When your company decides to integrate, it’s because there’s an immediate unmet need. Data silos are inhibiting team performance. Regulatory compliance demands more seamless data tracking and accessibility. Redundant and ineffective processes are costing the company money.
Whatever the reason may be, the goal is to walk away from the project with a new level of efficiency, innovation, and competitive advantage. Unfortunately, not every project enjoys those outcomes. In fact, some studies estimate more than 80% of all integration projects fail.
Don’t start panicking, yet.
Smart and strategic planning can make your project a success. Here are three of the most common warning signs of integration disaster, and how to avoid them.
#1 Inconsistent Data
Imagine this: You’re baking a cake with the wrong flour, old eggs, and only some of the other necessary ingredients. What would you expect to end up with? A mess!
When it comes to data projects like integration, what you put in will directly affect what you get out. That’s why it is so important to do data cleaning and preparation beforehand. Inconsistent data is a red flag that can lead to inaccurate insights.
Luckily, there are a few things you can do to mitigate this risk:
Establish data quality standards
If you don’t have them in-place already, use your integration project as an opportunity to create data quality standards. Your standards should set requirements for data accuracy, data completeness (Which fields must be populated?), required formats and naming conventions (Are we adding addresses with “unit #” or “apt #”?), etc.
Each record or entity should also be auditable, so you know who entered it and when. Any special data security and compliance considerations for your business or industry should also be clear from your data quality standards.
Audit and cleanse data sources
With your new data quality standards in place, your teams (or your integration partner) can audit and cleanse your data in preparation for the project. This is another crucial step for eliminating inconsistent data and avoiding a data integration disaster. Some of your data cleaning will have to be performed manually, but some can be automated by a solution like StarfishETL. Even after the integration is complete, you must set a schedule for regular data auditing and cleaning procedures to continue. Without them, your integration will never reach its peak potential.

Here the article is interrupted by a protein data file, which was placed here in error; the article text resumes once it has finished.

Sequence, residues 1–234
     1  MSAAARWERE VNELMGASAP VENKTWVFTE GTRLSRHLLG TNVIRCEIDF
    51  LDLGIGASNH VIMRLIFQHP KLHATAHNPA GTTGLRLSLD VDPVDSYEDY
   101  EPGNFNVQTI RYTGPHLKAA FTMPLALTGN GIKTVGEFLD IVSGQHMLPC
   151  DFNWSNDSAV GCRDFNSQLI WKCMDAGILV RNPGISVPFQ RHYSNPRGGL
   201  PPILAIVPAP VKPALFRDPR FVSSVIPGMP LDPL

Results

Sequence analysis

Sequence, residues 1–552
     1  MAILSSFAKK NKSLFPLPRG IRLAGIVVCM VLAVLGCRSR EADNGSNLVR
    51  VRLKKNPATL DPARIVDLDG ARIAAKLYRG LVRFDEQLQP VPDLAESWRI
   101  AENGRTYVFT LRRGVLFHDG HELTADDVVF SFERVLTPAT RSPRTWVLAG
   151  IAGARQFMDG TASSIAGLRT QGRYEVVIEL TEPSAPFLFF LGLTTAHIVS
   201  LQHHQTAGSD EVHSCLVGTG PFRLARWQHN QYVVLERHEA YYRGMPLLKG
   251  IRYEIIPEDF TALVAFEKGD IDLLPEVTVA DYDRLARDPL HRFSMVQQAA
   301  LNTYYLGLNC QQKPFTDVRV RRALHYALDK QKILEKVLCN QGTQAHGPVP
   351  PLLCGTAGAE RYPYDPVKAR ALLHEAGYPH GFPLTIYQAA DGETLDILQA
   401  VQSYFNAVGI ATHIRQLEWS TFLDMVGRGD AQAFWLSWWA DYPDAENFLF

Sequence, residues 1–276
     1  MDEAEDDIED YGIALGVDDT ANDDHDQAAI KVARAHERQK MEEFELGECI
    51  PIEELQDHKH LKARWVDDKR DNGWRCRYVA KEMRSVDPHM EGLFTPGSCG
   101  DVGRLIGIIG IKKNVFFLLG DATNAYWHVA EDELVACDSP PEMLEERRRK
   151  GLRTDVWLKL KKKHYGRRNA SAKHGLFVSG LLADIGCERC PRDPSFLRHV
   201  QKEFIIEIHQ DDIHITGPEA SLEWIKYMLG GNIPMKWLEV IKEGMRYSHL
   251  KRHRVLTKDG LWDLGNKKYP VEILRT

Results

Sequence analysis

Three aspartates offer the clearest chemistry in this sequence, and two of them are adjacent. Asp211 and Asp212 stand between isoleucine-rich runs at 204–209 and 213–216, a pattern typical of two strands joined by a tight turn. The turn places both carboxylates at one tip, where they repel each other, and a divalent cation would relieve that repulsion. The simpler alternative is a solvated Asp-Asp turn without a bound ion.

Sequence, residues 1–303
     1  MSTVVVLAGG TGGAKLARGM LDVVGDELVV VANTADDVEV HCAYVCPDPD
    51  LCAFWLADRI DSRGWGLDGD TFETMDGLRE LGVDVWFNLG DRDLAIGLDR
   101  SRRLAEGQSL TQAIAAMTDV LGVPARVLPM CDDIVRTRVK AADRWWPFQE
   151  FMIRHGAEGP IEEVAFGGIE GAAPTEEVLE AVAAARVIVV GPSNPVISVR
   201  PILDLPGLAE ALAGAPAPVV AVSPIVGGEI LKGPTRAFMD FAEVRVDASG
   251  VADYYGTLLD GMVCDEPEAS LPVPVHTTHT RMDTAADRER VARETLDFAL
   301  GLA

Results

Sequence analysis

#2 Slow Data Processing
Latency can be a subtle precursor to data integration disaster. It hurts the user experience and the overall performance of the integration. Getting rid of junk data at the start of your integration helps mitigate data processing latency, but there is still more you can do.
It starts by choosing an integration solution that has powerful scaling capacity. What makes an integration platform scalable? Factors like load balancing, parallel processing, multi-tenancy, and a distributed architecture all contribute to scalability.
An iPaaS offers these scalability features and leverages an underlying cloud infrastructure to scale up or down based on demand. It can adapt to growing data volumes, increasing transaction rates, and expanding integration needs.
Most organizations will process changes between the systems on a set schedule every day, week, or month, depending on their integrating systems. Many times, however, integrations require real-time visibility so teams can see changes immediately. This is especially true in industries like manufacturing, financial services, transportation, and ecommerce where it's crucial to respond to shifting conditions and inventory levels.
If the volume of data is a concern, consider implementing caching mechanisms to store frequently accessed data. Caching reduces the need for redundant processing and speeds up access to commonly used data. If you’re using an iPaaS, it will support parallel processing to execute multiple integration tasks simultaneously. This is essential for handling large volumes of data and ensuring that integrations can occur concurrently, improving overall throughput.
#3 Communication Breakdowns
Internal communication gaps lead to integration failures. The entire organization should be aware of the integration project and its goals, and they should understand the role they play in helping reach those goals. It’s up to the team heading the integration project (usually IT and a few key players from other departments) to document the integration process.
This team must also hold regular meetings to discuss progress, challenges, and updates. Project management tools are helpful to centralize information and track progress along the way.
Meanwhile, the integration provider should keep you looped-in on the progress of your integration, discuss any issues that have come up and how to solve them, and any changes that might affect your go-live date. Clear and consistent communication is paramount to the overall success of your integration.
Early detection and proactive measures are key to preventing data integration disasters. By staying vigilant and implementing the suggested strategies, businesses can ensure a seamless and efficient data integration process, safeguarding their valuable data and supporting informed decision-making.
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